Channel estimation

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3.1 Channel estimation

The channel estimation technique for MIMO-OFDM systems is crucial issue as a good channel estimation technique results in less estimation errors and consequently good signal detection. Least Square (LS), Least Mean Square (LMS), and Minimum Mean Square Error (MMSE) algorithms are of the most known training based channel estimation technique. In this work we adopt the LS algorithm, because it is the simplest and it is performance approaches MMSE for higher SNR values. Another reason to use LS is because our focus in this paper is to design effective prediction technique able to overcome the dynamics of the channel, and mitigate the feedback delay effect in MIMO-OFDM systems, not on designing a high performance channel estimation technique. Comb-type pilot structure channel estimation is adopted in this work as it is shown in [Ref_A1] - [Ref_A2] that comb-type pilot structure performs better than block type structure for fast fading channels.pilot symbols with known data are uniformly inserted into each OFDM symbol at each transmit antenna. The pilot sequences from each antenna are assumed to be orthogonal with other sequences from other antennas.

Then the frequency domain signal at thetransmit antenna can be expressed as where and is the pilot carrier value on the transmit antenna. At the receiver the pilot signals are firstly extracted from the received signal, and the transfer function at the pilot subcarriers is then estimated using the received signal and the predetermined pilot values. Letbe the channel frequency response of the pilot subcarriers between the transmit antenna and the receive antenna. Then the LS estimation of the channel at pilot subcarriers between the transmit and the receive antennas can be expressed as

Where is the received signal at the pilot subcarrier of received from the transmit antenna, and is the signal transmitted from the transmit antenna at the pilot subcarrier.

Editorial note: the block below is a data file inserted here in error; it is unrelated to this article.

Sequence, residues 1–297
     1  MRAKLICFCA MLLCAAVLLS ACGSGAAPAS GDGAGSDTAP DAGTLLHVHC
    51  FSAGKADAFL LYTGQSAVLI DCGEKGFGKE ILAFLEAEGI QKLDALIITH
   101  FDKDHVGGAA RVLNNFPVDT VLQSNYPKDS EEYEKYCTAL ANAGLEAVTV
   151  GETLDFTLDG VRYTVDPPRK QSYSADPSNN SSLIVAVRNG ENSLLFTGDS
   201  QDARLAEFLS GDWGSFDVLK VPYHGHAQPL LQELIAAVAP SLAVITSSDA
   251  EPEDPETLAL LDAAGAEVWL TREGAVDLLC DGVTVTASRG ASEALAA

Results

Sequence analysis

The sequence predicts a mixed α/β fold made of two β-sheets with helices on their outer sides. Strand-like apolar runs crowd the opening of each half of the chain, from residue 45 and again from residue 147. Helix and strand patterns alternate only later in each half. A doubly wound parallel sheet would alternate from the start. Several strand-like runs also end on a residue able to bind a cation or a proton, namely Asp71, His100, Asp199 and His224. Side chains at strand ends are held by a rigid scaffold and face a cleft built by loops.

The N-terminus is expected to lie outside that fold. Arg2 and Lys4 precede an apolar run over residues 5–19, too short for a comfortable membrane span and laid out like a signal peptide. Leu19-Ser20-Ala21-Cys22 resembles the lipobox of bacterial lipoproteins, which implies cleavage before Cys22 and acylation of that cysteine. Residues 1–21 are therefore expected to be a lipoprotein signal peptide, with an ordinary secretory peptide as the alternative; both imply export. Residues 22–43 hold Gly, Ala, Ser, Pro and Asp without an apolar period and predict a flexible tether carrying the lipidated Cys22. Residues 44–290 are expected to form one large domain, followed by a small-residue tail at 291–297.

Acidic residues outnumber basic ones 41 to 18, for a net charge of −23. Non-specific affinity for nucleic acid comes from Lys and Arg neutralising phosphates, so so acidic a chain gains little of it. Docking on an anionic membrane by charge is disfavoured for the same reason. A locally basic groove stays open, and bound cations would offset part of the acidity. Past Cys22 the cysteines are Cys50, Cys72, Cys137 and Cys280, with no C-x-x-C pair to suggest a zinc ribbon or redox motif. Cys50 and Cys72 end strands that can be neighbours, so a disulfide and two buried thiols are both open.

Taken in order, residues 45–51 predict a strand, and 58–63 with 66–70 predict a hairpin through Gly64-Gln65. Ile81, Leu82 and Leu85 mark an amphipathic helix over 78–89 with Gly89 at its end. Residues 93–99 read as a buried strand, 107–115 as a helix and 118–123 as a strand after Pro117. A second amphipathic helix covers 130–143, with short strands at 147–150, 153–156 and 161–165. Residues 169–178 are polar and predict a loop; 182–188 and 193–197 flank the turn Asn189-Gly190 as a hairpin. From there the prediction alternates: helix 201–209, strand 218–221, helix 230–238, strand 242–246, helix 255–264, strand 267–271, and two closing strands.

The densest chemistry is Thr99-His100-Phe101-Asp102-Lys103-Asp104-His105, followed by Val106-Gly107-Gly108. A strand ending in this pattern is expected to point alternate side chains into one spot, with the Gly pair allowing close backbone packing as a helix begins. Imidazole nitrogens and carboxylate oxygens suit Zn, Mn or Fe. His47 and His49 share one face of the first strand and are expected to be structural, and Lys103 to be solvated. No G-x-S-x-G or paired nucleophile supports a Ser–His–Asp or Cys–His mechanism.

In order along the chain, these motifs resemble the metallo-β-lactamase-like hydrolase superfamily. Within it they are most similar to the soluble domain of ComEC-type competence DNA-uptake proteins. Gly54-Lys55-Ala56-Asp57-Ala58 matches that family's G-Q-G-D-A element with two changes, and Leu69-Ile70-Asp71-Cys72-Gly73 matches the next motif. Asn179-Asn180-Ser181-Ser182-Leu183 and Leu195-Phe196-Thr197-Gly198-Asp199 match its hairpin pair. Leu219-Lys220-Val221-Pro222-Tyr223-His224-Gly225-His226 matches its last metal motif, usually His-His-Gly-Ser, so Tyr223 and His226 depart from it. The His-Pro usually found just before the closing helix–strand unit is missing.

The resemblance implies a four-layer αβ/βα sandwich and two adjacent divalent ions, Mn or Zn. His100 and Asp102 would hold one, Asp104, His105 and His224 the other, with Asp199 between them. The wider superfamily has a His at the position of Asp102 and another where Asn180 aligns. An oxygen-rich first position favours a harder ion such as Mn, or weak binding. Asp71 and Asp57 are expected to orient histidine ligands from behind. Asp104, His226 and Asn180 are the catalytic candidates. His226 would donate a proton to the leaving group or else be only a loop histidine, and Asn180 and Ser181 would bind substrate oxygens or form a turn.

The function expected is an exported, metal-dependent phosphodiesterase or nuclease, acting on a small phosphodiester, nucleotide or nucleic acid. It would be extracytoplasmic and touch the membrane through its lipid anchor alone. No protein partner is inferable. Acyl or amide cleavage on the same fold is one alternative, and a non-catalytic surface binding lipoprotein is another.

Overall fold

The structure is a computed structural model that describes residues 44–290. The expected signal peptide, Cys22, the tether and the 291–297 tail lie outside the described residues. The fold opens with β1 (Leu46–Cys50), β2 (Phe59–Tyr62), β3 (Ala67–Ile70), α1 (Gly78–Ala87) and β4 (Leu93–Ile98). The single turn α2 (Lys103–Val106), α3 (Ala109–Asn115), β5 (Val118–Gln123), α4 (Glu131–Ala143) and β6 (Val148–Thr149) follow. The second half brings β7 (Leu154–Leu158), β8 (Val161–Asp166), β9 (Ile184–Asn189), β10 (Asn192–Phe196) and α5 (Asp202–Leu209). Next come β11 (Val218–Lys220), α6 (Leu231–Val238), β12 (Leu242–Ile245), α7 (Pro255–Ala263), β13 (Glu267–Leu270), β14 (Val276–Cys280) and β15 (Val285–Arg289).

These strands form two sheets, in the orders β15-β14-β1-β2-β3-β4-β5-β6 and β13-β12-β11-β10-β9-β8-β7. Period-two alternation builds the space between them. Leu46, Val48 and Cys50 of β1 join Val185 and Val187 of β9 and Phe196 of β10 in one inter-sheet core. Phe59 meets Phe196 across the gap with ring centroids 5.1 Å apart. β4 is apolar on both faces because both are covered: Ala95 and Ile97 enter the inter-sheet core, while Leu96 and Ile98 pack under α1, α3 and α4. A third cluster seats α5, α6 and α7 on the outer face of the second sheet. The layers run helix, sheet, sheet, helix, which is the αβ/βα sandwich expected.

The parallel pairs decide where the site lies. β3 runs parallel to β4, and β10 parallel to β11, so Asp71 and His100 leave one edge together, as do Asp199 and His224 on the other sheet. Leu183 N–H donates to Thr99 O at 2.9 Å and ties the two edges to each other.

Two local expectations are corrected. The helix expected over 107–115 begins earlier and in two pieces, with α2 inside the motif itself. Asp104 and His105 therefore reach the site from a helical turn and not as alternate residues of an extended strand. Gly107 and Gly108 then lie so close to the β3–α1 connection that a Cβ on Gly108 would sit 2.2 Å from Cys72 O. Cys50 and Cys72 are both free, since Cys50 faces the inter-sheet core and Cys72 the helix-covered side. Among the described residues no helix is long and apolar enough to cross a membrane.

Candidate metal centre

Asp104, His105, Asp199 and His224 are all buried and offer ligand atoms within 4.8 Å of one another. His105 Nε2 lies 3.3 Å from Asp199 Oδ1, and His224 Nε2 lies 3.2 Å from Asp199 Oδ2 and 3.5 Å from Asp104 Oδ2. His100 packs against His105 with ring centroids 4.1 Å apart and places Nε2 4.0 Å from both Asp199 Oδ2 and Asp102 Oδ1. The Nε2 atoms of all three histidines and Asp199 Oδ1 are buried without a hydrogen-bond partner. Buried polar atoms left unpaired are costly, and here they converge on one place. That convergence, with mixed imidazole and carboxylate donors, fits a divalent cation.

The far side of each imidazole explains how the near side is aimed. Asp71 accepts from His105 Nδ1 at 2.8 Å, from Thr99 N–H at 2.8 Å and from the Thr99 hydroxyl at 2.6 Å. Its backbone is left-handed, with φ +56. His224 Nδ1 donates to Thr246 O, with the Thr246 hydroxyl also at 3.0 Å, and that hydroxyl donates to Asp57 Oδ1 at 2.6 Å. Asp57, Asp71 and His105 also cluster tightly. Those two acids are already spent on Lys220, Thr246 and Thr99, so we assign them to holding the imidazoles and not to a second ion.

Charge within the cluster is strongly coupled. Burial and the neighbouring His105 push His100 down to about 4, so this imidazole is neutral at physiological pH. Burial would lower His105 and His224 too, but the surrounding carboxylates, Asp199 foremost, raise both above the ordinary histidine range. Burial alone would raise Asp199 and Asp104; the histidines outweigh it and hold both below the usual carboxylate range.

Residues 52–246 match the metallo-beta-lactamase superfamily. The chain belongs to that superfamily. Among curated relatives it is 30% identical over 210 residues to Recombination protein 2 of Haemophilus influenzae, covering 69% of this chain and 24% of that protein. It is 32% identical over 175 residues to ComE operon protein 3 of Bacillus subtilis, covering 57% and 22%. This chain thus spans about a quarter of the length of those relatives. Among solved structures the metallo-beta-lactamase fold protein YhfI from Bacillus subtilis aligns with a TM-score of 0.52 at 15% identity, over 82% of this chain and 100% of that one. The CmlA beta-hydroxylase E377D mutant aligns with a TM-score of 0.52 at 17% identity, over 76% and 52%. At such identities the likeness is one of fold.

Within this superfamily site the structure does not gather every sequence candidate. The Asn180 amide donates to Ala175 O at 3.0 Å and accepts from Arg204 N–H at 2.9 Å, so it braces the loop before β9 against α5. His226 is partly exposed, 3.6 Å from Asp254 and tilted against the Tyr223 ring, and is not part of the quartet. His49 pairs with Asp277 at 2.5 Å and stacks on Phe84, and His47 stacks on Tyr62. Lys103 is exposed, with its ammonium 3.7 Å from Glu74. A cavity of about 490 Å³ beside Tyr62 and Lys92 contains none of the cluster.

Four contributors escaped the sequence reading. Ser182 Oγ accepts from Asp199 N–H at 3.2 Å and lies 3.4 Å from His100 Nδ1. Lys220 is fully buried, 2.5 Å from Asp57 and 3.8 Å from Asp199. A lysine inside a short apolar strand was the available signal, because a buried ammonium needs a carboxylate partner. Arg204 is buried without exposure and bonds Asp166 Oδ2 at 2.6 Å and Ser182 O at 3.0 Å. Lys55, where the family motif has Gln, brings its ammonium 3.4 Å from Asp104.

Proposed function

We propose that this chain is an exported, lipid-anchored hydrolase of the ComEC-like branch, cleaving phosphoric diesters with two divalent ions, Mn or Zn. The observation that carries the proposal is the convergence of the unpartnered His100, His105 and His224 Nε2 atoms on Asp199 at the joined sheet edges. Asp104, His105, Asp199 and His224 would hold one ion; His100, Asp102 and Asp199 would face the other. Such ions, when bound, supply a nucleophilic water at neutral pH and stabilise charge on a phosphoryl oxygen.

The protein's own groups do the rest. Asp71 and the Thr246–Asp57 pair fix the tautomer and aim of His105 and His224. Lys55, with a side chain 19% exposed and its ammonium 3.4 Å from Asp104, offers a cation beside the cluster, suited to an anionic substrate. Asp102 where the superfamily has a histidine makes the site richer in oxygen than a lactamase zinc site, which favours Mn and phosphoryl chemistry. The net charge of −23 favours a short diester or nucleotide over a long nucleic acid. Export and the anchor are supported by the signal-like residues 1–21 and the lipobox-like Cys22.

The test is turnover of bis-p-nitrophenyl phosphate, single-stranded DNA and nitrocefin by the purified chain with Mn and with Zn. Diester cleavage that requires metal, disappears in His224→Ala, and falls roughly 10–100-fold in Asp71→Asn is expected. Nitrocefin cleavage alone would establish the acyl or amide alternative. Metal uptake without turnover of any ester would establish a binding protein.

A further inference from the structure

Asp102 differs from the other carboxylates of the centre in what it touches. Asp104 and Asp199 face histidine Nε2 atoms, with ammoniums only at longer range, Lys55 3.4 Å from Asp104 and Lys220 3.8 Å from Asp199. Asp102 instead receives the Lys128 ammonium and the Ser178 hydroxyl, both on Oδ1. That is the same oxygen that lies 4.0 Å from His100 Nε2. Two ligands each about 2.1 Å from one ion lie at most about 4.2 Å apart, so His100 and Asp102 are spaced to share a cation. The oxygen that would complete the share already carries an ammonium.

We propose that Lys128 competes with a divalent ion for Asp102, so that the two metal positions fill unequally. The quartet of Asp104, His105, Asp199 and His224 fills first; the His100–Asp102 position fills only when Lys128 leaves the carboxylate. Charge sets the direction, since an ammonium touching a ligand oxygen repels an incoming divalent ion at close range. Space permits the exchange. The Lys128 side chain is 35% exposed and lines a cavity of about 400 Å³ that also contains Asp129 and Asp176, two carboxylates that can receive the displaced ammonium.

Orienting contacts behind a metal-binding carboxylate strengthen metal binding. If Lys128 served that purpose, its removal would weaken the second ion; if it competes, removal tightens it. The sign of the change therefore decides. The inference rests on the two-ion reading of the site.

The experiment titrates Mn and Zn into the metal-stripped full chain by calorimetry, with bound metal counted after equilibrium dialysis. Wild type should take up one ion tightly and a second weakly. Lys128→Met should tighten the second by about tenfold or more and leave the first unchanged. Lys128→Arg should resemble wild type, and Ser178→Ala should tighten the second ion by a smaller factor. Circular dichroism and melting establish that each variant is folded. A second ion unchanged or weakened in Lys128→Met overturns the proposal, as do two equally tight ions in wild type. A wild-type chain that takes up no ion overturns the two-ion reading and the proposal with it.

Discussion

3.2 Channel Prediction

As we mention before, in this paper we consider a time-varying environment where the channel changes from one OFDM symbol to another. Hence the precoding matrix chosen at the receiver from the current OFDM symbol becomes outdated due to signal processing and feedback delay. Consequently the outdated information result in system performance degradation. As a solution to this problem a channel prediction scheme based on Kalman filter is proposed to overcome the performance degradation in the system performance due to delay in the feedback channel. Kalman filter is used to predict the channel state for each subcarrier utilizing the collection of the past estimated channel values. The predicted channels state is used to design the precoding matrices for the next OFDM symbols, and the indices of the precoding matrices are fed back to the transmitter through the limited feedback channel.

It is well known that a dynamic system can be modeled as an autoregressive (AR) process of order [ ]. An order AR model for is presented as:


where are the coefficients of the AR process, and is a white Gaussian process vector. The AR process coefficients can be found by solving the Yule-Walker equation [1], however our aim in this paper is not to find these coefficients, and therefore they assumed to be known. The Yule-Walker equation is given by